e.g. John attempts to break into an office by picking the lock. His Dexterity is a 7 and his Lockpicking skill is a 5. (Because John's skill is a 5, he can accent the roll up to a +/- 5) His target number is a 12. John really wants to get in there so he decides to take some extra time working on the lock and is able to accent the roll by -3. John rolls the die and rolls a natural 14. However, the roll is accented by -3 so John actually rolls an 11. If John wouldn't have spent the extra time working on the lock, then he would have failed to break into the office.
Nota Bene One Natural die rolls which indicate automatic successes, failures, and critical failures are unaffected by accenting. i.e. If you roll a natural 1, 19, or 20 then the roll results in a an automatic success, failure, or critical failure regardless of the fact that it was accented.
Nota Bene Two Rolls which are equal to a 1, 19, or a 20 after an accent has been applied also result in an automatic success, failure, or critical failure as if the final number was a natural roll.
Nota Bene Three When determining a critical success, the accented number is used and not the natural roll. (However, if the roll isn't accented, then obviously the natural roll is used for determining a critical success.)
Complementary actions are skills that may help out other skills in certain situations. For example, if a character was playing poker, then they might use the Sleight of Hand skill to help them win a game of "chance". Using a complementary skill works as follows:
e.g. John is playing a hand of cards to determine whether or not he will be granted access to a starship which will take him off planet. He decides to influence chance by using his Sleight of Hand skill (Dex+Skill). With a Dex of 4 and a Sleight of Hand skill of 4 his goal roll target number is 8. He rolls a 6 and scores 2 victory points. John now rolls against his Gambling skill (Wits+Skill). He has a 6 Wits and a Gambling skill of 4 giving him a base target number of 10. He then adds the 2 victory points from the complimentary skill for a target number of 12. As long as he rolls a 12 or less he will succeed. (In order to see if he actually won the card game one would have to make a contested roll for his opponent.) As a general rule of thumb, complementary skills and primary skills cannot be used the same turn. Using the complementary skill requires time, usually an extra turn. If the character wants to use both the complementary and the primary skill the same turn, then the rolls will suffer a -4 penalty.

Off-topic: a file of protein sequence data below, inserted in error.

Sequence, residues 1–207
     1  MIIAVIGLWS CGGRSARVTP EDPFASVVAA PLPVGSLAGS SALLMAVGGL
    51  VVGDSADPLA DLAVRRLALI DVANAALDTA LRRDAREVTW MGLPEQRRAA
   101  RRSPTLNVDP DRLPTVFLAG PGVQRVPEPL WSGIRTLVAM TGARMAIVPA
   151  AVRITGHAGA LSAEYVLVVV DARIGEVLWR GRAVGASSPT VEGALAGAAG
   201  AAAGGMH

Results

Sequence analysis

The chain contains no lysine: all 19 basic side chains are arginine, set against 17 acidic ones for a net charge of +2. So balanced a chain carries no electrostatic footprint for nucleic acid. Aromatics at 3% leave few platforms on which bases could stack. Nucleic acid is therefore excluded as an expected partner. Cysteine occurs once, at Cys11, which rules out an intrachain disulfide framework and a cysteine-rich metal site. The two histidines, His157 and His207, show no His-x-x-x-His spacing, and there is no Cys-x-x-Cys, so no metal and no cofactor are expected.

Sustained actions occur when someone is involved in an action that cannot be resolved with one roll. For example, a tug-of-war may consist of a series of rolls where the two parties go back and forth until eventually one wins. To determine the results of a sustained action, the character must achieve a predetermined amount of victory points. (The amount is determined by the GM.) Sustained actions may be assisted and resisted. For example, if the characters were trying to lift a sarcophagus cover, then the characters would add their victory points together to achieve the number needed. If resisted, then the numbers are subtracted from each other. For example, if a tug-of-war was going on, then the one side might roll 4 victory points and the other side rolled 2 victory points. The first side would now have 2 victory points and the second side would have -2 victory points.
A character may try an action a second time if they don't succeed on the first try. The second attempt is made with a -2 penalty modifier. A third attempt may be made at a -4 penalty attempt. If the character fails a third time, then the task is just beyond their capability. (This does not apply to missing in combat.)